11 Computer Networks Introduction to the Physical Layer 11 T1 - TDM Link TDM: each host gets same slot in revolving TDM frame Figure 2-33.T1 Carrier (1.544Mbps) Tanenbaum TDM:: each host gets a fixed slot in revolving TDM frame

12 Computer Networks Introduction to the Physical Layer 12 Concentrator [Statistical Multiplexing]

13 Packet Switching: Statistical Multiplexing Sequence of A & B packets does NOT have fixed pattern, bandwidth shared on demand statistical multiplexing.. A B C 100 Mb/s Ethernet 1.5 Mb/s D E statistical multiplexing queue of packets waiting for output link Computer Networks Introduction to the Physical Layer 13

14 Computer Networks Introduction to the Physical Layer 14 Wavelength Division Multiplexing Wavelength division multiplexing. Figure Tanenbaum

15 Physical Media: Twisted Pair Bit: propagates between transmitter/receiver pairs. Bit: propagates between transmitter/receiver pairs. physical link: what lies between transmitter & receiver. physical link: what lies between transmitter & receiver. guided media: guided media: –signals propagate in solid media: copper, fiber, coax. unguided media: unguided media: –signals propagate freely, e.g., radio. Unshielded Twisted Pair (UTP) two insulated copper wires two insulated copper wires –Category 3: traditional phone wires, 10 Mbps Ethernet –Category 5 : 100Mbps Ethernet Computer Networks Introduction to the Physical Layer 15 Category 5e is now standard!!

16 Physical Media: Coaxial Cable and Optical Fiber Coaxial cable: two concentric copper conductors two concentric copper conductors bidirectional bidirectional baseband: baseband: –single channel on cable –legacy Ethernet broadband: broadband: – multiple channels on cable – HFC Fiber optic cable: glass fiber carrying light pulses, each pulse a bit high-speed operation: point-to-point transmission (e.g., 10s-100s Gps) low error rate: repeaters spaced far apart ; immune to electromagnetic noise. Computer Networks Introduction to the Physical Layer 16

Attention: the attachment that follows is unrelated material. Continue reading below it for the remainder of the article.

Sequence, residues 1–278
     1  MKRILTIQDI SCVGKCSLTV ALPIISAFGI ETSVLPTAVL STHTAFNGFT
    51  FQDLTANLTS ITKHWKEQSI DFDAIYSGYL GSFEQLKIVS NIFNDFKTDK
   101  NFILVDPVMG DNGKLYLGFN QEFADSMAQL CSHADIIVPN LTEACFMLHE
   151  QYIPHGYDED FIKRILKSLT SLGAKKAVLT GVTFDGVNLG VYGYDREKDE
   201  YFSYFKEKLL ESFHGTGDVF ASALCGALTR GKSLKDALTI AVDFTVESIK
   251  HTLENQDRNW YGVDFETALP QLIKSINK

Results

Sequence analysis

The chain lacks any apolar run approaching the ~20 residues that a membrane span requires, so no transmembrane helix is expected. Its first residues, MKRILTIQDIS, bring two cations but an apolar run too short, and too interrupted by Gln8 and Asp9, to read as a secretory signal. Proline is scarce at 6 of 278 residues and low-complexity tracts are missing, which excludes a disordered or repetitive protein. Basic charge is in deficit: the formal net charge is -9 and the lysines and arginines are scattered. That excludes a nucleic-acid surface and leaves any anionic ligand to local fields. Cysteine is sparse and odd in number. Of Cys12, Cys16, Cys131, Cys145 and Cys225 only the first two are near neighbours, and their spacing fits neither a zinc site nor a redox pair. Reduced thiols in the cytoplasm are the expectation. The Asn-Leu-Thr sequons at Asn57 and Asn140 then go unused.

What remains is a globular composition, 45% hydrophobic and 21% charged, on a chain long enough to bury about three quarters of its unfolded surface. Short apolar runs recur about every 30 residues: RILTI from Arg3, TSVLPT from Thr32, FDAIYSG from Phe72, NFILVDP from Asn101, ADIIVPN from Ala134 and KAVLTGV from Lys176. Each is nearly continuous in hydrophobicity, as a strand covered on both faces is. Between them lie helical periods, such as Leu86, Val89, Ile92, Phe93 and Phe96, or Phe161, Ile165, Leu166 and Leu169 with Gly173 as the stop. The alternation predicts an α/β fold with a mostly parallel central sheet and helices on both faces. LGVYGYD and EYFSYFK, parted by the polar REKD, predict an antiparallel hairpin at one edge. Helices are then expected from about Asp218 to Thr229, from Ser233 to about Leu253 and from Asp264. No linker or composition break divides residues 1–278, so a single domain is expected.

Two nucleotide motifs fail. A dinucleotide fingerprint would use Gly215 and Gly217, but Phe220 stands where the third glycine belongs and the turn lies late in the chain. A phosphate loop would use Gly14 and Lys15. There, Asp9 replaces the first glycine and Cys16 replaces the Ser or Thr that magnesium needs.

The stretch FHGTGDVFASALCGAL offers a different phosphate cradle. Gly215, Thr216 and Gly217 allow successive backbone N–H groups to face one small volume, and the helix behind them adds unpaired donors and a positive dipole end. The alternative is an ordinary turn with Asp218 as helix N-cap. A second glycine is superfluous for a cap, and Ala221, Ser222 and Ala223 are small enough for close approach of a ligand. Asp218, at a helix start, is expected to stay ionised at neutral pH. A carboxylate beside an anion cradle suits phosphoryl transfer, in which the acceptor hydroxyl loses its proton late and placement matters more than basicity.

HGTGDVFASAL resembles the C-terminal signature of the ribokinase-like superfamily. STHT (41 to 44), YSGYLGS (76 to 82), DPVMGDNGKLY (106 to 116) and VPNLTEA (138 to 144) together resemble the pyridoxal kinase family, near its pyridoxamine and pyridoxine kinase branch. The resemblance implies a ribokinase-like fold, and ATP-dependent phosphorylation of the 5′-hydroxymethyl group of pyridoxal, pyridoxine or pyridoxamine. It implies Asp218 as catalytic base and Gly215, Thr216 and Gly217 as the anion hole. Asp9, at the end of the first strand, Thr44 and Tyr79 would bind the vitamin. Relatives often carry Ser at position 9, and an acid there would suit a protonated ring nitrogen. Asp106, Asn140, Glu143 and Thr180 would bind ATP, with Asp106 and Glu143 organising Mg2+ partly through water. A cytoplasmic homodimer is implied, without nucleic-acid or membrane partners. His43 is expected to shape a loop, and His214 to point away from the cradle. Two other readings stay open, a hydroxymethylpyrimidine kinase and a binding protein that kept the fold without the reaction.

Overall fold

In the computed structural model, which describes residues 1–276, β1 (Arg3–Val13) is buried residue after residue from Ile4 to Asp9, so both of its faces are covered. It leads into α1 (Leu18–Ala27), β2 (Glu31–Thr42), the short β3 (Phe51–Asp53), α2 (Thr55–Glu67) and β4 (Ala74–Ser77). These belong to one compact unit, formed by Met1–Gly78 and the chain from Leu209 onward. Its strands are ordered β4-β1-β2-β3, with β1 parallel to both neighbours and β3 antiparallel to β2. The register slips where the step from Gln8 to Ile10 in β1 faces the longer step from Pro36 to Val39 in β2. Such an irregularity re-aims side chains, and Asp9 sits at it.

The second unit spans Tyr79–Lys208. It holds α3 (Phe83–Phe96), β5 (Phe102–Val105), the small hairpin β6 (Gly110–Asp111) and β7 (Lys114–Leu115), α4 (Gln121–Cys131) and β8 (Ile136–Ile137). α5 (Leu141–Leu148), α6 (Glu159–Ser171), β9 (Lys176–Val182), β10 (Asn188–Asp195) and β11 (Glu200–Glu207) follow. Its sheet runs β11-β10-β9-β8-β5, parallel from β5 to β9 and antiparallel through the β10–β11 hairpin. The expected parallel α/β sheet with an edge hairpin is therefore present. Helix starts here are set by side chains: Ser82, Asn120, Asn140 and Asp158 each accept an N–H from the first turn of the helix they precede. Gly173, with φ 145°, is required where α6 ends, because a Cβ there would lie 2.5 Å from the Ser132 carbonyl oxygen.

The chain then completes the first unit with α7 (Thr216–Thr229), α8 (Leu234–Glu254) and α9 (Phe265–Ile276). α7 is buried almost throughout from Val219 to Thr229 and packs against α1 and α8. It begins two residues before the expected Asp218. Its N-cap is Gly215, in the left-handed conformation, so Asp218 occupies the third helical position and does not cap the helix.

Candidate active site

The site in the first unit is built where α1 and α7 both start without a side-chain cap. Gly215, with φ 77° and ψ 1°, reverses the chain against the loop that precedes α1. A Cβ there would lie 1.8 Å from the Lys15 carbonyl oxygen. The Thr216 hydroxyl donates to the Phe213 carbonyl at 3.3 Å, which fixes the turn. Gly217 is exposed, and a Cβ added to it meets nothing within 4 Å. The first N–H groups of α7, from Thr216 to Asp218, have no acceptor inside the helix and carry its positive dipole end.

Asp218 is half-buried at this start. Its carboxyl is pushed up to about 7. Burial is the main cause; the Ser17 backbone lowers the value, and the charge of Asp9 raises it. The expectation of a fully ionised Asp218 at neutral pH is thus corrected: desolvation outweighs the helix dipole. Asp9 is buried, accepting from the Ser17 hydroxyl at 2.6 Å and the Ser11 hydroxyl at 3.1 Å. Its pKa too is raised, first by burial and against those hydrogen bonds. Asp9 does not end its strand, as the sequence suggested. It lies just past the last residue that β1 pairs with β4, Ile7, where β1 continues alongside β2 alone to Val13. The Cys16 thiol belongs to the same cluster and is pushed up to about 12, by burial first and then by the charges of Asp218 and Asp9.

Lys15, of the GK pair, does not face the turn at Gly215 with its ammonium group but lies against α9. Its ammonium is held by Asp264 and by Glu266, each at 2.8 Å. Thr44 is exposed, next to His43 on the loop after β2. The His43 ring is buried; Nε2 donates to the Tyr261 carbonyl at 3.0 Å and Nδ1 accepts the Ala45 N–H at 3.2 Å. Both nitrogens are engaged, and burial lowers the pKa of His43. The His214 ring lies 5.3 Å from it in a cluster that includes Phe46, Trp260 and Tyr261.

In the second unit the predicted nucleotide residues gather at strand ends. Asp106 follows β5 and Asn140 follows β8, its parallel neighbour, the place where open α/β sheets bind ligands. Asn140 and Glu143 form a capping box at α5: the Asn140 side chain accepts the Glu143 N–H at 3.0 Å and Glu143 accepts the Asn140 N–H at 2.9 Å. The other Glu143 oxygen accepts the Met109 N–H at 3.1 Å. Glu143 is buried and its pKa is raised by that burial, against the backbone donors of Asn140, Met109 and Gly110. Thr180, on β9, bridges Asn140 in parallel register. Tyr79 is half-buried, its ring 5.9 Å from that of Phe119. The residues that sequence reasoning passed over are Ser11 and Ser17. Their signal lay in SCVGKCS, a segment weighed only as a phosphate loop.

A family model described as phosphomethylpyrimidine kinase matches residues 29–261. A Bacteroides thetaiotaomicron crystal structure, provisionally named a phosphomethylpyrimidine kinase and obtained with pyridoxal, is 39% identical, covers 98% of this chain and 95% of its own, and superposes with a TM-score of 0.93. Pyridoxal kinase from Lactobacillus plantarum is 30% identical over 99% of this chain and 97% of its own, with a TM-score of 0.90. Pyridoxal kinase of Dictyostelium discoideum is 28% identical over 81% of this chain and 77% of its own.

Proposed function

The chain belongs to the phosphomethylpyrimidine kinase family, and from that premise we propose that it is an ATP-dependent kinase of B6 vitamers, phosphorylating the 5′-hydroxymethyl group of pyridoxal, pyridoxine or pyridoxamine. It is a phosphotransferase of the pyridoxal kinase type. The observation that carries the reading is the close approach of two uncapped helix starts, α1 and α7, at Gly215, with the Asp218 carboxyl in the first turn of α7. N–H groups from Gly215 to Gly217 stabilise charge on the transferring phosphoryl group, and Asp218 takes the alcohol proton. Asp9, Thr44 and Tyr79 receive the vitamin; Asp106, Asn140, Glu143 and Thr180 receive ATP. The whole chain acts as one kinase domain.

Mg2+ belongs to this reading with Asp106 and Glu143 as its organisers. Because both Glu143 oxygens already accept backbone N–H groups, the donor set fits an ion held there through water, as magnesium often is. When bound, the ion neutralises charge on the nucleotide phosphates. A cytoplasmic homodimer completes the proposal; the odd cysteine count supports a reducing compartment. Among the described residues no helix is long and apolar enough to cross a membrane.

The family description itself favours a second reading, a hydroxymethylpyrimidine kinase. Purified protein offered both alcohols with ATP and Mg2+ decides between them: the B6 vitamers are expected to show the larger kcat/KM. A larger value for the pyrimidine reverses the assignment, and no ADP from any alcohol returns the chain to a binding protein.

17 Physical Media: Radio Signals signal carried in electromagnetic spectrum. signal carried in electromagnetic spectrum. no physical wire no physical wire bidirectional bidirectional propagation environment effects: propagation environment effects: –reflection –obstruction by objects –interference Radio link types: terrestrial microwave e.g. up to 45 Mbps channels LAN (e.g., Wifi) 11Mbps, 54 Mbps wide-area (e.g., cellular) 3G cellular: ~ 1 Mbps satellite Kbps to 45Mbps channel (or multiple smaller channels) 270 msec end-end delay geosynchronous versus low altitude Computer Networks Introduction to the Physical Layer 17

18 telephone network Internet home dial-up modem ISP modem (e.g., AOL) home PC central office Uses existing telephony infrastructure. Home is connected to central office (analog signals). up to 56Kbps direct access to router (often less) Cant surf and phone at same time: not always on. Dial-up Modem Computer Networks Introduction to the Physical Layer 18

19 telephone network DSL modem home PC home phone Internet DSLAM Existing phone line: 0-4KHz phone; 4-50KHz upstream data; 50KHz-1MHz downstream data splitter central office Digital Subscriber Line (ADSL) Uses existing telephone infrastructure. up to 1 Mbps upstream (today typically < 256 kbps) up to 8 Mbps downstream (today typically < 1 Mbps) dedicated physical line to telephone central office Computer Networks Introduction to the Physical Layer 19 Asymmetric DSL